2. Intestinal Epithelial Tight Junction Permeability and Disruption of BBBs by Th17 Cells

Environmental factors such as stress, drugs and xenobiotics can induce imbalanced gut floral and bacterial translocation. These stressors mediate intestinal permeability with subsequent development of intestinal inflammation [1, 2]. Bacterial antigens, in particular lypopolysaccharide (LPS) prepared from enteropathogenic Escherichia coli, Clostridium difficile, Klebsiella pneumoniae, Pseudomonas aeruginosa, Hafnia alvei, Citrobacter koseri and others, can induce an increase in intestinal tight junction (TJ) permeability [35]. Imbalanced gut flora can result in the production of LPS by a variety of gram-negative bacteria. The release of LPS induces mucosal immune dysregulation and the production of proinflammatory cytokines, in particular IL-1 , IL-6 and TNF- [6].

IL-1 production induced by LPS can promote inflammatory response in various tissues [6, 1012]. This enhanced production of IL-1 causes direct disruption of the intestinal TJ barrier leading to paracellular permeation of luminal antigens into circulation, which may contribute to systemic inflammation [1317]. Until recently, the intracellular mechanism that mediates IL-1 modulation of intestinal TJ barrier was not clear [18]; therefore, several studies tried to elucidate this mechanism of action [1921].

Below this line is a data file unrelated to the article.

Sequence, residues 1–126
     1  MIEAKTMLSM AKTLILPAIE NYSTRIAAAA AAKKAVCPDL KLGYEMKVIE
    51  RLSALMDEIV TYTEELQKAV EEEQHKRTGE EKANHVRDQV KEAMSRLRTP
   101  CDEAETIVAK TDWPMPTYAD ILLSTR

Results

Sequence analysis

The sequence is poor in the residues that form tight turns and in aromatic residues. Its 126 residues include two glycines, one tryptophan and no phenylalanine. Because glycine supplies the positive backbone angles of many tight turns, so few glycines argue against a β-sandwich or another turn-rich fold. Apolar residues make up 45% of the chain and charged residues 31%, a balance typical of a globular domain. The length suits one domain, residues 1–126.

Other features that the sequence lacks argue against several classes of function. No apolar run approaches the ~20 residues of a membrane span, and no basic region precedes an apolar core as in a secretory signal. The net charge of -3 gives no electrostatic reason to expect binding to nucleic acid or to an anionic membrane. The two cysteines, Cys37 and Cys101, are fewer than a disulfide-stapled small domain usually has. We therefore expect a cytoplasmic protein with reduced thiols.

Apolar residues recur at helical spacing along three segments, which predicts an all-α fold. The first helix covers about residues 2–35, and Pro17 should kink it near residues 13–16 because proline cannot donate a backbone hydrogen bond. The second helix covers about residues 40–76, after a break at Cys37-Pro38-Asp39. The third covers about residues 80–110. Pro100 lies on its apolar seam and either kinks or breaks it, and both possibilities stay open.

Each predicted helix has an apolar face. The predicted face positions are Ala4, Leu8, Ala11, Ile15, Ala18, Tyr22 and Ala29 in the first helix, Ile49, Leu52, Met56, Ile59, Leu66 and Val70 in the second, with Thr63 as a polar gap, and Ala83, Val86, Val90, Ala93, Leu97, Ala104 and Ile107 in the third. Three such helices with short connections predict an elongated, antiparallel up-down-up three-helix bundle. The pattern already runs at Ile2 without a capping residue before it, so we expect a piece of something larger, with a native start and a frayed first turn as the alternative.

Previously it was shown that IL-1 causes an increase in NF- B activation, which was required for IL-1 -induced increase in TJ permeability [13]. In their recent article [18], Al-Sadi and colleagues indicate that IL-1 causes a rapid activation of NF- B and inhibition of NF- B activation prevented IL-1 -induced MLCK protein expression and TJ permeability. These findings indicate that NF- B activation of TJ barrier is mediated in part by an increase in MLCK protein and mRNA expression [18]. To further identify the role of NF- B in mediating IL-1 -induced MLCK expression and TJ permeability, researchers used NF- B P65 silencing studies using SiRNA. The SiRNA silencing of NF- B P65 expression completely inhibited the IL-1 -induced protein expression and its drop in transepithelial electrical resistance of intestinal monolayers, which confirmed the regulatory role of NF- B in the mediation of IL-1 -induced MLCK mRNA transcription and protein expressions [22]. IL-1 binding to IL-1 receptor on epithelial cells causes a rapid activation of NF- B, I B- phosphorylation and I B- degradation. NF- B activation leads to its translocation into the nucleus, resulting in stimulation of myosin L-chain kinase activation, increase in myosin L-chain kinase (MLCK) RNA and MLC kinase synthesis [2226]. This increase in MLCK activity leads to the opening of TJ barriers and the entry of bacterial endotoxins (LPS), and dietary proteins and peptides into the submucosa, regional lymph nodes and blood stream, followed by the initiation of inflammation in circulation and in different tissues (Figure 1).